Healthy blood flow is more important than you may know

blood vessel

When UC San Diego bioengineering professor emeritus Shu Chien reminds you that it’s a good idea to get up, move, and get your blood flowing, he knows exactly what he is talking about. In fact, Chien has led research teams that discovered some of the reasons why getting your blood flowing is so good for you. (These beneficial effects of exercise on the vascular system that Chien helped to discover are in addition to the many beneficial effects of exercise on the heart, the musculoskeletal system, and more.)

So the next time you’re on a brisk walk, a jog, a bike ride, a swim, or any other activity that’s getting your heart rate up just a bit, know that this exercise is boosting the blood flow through your entire body—and that’s a good thing. For example, this increased blood flow from exercise encourages the flushing out of small areas of stagnating or otherwise disturbed blood flow in your network of blood vessels. This helps keep the cells that line the vessels healthy. These cells are called endothelial cells, and their healthy functioning is crucial for avoiding heart attacks, strokes and other complications of the cardiovascular system.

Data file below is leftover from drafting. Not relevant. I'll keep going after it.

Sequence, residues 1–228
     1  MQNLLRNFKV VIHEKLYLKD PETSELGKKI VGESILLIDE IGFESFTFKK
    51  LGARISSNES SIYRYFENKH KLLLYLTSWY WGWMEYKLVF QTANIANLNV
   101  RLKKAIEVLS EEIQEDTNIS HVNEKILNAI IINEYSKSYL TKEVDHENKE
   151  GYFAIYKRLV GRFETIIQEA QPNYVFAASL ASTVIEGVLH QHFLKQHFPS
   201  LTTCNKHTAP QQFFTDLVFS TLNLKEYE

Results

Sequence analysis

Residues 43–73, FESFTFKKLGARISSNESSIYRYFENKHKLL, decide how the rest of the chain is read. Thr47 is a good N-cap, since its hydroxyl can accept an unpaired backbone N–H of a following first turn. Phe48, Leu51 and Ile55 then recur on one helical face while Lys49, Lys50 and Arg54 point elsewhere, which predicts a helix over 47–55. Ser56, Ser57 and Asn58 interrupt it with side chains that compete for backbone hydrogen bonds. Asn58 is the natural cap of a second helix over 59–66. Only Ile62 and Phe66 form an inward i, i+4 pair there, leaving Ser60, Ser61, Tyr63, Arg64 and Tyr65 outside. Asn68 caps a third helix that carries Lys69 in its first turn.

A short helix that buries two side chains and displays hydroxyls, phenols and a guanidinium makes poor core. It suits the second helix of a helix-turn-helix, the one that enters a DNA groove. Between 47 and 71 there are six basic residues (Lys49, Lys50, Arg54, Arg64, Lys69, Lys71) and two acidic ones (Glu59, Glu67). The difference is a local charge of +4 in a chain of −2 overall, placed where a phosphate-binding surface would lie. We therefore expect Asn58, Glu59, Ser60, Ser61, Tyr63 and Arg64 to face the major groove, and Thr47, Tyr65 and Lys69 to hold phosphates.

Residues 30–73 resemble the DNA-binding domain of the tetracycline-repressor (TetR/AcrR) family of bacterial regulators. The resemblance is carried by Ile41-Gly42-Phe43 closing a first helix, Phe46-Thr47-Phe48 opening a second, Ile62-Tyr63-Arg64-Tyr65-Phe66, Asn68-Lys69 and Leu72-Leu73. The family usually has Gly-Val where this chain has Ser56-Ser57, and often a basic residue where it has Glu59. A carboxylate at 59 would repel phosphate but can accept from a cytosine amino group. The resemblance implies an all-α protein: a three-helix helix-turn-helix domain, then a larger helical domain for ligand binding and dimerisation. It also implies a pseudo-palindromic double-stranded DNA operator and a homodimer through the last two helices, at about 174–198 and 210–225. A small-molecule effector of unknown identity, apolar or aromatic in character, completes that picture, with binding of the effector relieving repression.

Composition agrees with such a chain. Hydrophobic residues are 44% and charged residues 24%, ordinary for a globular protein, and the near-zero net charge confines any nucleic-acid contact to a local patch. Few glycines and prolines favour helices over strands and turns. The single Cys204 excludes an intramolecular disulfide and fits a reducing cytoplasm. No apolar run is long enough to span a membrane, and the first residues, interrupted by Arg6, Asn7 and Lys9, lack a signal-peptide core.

In the human body, blood tends to slow down or even start to stagnate in places where blood vessels branch, or at particular curves and turns in the blood circulation system. Chien likes to compare the human network of blood vessels to a complex river system. In a river, the flow of water is disturbed at the spots where a river splits in two or makes a sharp turn. In these branching points, or the inner curvature of a river, the water flow slows down, eddies may form, and mud and other materials in the water tend to accumulate.

At branching points and tight curves in the human blood vessel network, the blood flow can be disturbed in similar ways. Over the years, Chien and his research collaborators have shown different ways that disturbances in blood flow can change the behavior, and the health, of the endothelial cells that form the inner lining of these vessels.

Disturbances in blood flow, for example, change the physical forces that the flowing blood exerts on endothelial cells. So when blood flow changes, the physical forces acting on these endothelial cells also change. These changes in force trigger interacting physical and chemical changes in the cells that contribute to build up of chemicals and fats that can eventually block the flow of blood, thus leading to strokes or heart attacks.

In related work, Chien and colleagues have also shown that changes in blood flow can regulate how genes in the cells behave despite the fact that there were no changes to the genetic sequence. This is called epigenetic regulation, and it has important influences on the functioning of endothelial cells and the health of blood vessels.

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